“I started recruiting her to [UC] Davis when she was in grade school,” recalled William Jackson, one of NOBCChE’s seven founding members. Jackson is a professor emeritus at the University of California, Davis, where Gilmore eventually earned her Ph.D.
“In the talks I give here, I’m trying to communicate science to a much broader audience,” compared with some specialized scientific meetings, Jackson told C&EN, “and in principle to show students and postdocs that an African American can be on the forefront of science, and they can do it too.”
Another African American on the forefront of science, 3M scientist Olester Benson Jr., was honored with this year’s Percy L. Julian Award. During Benson’s lecture at the award luncheon, he recounted his journey from a young boy strugging for direction who spent years in the military and eventually became the first black chemist to graduate with a Ph.D. from the University of Colorado, Boulder. Since then, he has pioneered practical technology, such as computer privacy screens, and has been inducted into 3M’s illustrious Carlton Society. He accepted his award at the awards banquet on Thursday.
Later that evening, immediate past-president Talitha Hampton-Mayo took the stage to accept a 2017 NOBCChE Presidential Award from President Waddell, who also happens to have been her Ph.D. adviser. He had encouraged her to attend an annual meeting while she was struggling with electroosmotic flow work in grad school; she later became the youngest president in the organization’s history.
Hampton-Mayo told the story of a grave illness that had necessitated surgery—“This time last year, I almost lost my life”—and how the support she had received from her fellow NOBCChE members had helped her pull through. She motioned to Jackson in the front row. “You see Bill Jackson here every year for 45 years. He started this organization,” she said. “Thankfully, I have more years to go, and I’ll be able to say I’ve been coming to NOBCChE for 45 years.”
The date and location of the next NOBCChE meeting will be announced in January.
“We are NOBCChE: Community, Leadership, Partnerships” was the theme in Minneapolis this year, and one partnership stood out in particular: NOBCChE signed a memorandum of understanding with the American Chemical Society at the fall 2016 ACS meeting in Philadelphia, and representatives from both organizations are now looking for ways that the two organizations can put the partnership into action.
One idea is to create joint chapters at colleges and universities where both ACS and NOBCChE have a presence, so that students would be able to join both organizations but pay one set of dues. This idea has been working well at Alabama A&M University, where NOBCChE Board Chair Malinda Wilson Gilmore is a professor of chemistry. Gilmore and colleagues changed the name of the ACS student chapter to the Chemistry Club and added student membership to NOBCChE as a benefit. “The specific objectives, the public service, the K–12 STEM initiatives that we may do, all of those are in line with the missions, goals, and objectives of both organizations,” Gilmore said.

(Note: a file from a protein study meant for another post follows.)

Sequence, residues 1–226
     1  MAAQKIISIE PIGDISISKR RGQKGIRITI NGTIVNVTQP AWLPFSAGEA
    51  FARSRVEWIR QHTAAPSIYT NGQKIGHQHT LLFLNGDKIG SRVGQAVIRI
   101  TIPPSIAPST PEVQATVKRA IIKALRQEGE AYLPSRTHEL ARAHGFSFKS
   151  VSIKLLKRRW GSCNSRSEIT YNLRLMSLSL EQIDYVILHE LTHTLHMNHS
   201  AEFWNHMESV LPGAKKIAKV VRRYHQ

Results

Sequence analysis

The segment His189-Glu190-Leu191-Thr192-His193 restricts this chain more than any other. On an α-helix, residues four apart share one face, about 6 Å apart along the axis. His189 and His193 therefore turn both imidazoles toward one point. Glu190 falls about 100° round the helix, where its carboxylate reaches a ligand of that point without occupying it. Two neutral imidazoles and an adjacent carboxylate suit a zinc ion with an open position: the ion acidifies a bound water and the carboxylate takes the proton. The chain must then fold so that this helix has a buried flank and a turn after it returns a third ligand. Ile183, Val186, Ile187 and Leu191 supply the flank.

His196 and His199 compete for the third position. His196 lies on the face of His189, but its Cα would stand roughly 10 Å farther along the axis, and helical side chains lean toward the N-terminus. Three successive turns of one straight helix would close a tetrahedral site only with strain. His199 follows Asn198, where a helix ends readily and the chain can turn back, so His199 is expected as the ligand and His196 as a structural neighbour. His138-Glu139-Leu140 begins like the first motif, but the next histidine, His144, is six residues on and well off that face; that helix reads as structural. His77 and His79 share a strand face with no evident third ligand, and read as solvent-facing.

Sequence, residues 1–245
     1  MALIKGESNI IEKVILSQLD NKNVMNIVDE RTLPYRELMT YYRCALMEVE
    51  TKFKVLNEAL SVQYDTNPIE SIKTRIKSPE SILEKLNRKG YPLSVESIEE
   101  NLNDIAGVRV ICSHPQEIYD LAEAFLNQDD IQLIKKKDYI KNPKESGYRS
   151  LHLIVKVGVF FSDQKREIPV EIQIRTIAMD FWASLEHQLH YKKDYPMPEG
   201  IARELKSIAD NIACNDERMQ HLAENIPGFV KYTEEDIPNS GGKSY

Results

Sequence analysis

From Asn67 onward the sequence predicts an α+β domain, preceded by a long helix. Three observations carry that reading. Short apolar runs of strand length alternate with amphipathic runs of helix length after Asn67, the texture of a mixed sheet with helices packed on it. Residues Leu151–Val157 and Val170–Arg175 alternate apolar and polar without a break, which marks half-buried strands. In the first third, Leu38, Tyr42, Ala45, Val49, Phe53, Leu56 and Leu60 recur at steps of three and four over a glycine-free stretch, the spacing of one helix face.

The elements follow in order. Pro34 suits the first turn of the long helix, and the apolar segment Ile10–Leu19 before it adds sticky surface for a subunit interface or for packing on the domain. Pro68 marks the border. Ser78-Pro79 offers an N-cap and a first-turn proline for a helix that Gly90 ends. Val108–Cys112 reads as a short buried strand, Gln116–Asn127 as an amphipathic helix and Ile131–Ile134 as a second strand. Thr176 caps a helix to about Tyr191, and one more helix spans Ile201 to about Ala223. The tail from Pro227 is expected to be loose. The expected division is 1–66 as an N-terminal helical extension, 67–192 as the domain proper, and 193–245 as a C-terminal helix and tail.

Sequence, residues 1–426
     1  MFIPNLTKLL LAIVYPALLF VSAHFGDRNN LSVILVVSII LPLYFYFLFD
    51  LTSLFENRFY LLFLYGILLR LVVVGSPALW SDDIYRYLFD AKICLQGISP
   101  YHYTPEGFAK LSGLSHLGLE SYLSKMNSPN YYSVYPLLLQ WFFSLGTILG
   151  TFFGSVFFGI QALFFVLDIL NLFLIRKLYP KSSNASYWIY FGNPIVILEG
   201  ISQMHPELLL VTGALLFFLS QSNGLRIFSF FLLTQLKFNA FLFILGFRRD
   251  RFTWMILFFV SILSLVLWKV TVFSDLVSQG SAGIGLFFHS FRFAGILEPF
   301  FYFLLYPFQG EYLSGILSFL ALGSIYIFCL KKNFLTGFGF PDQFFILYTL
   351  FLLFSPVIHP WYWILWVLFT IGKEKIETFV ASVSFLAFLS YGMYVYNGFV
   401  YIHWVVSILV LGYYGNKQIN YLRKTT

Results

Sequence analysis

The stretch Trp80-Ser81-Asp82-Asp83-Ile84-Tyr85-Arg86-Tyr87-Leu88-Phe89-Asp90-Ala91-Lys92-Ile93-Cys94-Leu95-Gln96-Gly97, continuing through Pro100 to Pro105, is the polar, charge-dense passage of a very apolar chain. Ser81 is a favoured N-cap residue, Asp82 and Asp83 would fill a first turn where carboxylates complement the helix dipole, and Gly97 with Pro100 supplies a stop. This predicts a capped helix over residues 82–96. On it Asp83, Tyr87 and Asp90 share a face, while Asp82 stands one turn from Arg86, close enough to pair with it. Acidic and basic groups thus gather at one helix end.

Elsewhere, a partnership between NOBCChE and the Virginia ACS Section Minority Affairs Committee took home the first-ever Southeastern Regional Meeting of the American Chemical Society (SERMACS) Partners for Progress & Prosperity Award in 2016 for its joint efforts toward increasing the professionalism of chemistry students.
The memorandum of understanding was signed during Talitha Hampton-Mayo’s tenure as NOBCChE president. “This really builds on the work of Winifred Burks-Houck back in ’94—our first female president,” Hampton-Mayo said. “She was really passionate about improving the connectivity between the two organizations.” ACS Chief Executive Officer Thomas Connelly opened the awards banquet by detailing the ways in which NOBCChE’s mission aligns with ACS’s core values of diversity and inclusion. ACS publishes C&EN.
Although NOBCChE founding member William Jackson believes that NOBCChE—a small organization with about 2,500 members—will need to be careful to maintain its unique identity within the partnership, he sees ACS’s industry connections as critical for increasing diversity in the STEM fields. “I can imagine a future where local industries are working with NOBCChE and ACS to increase underrepresented minority students in science,” Jackson said. “We need to grow more homegrown chemists here in the United States, and I want to see ACS and NOBCChE do it.”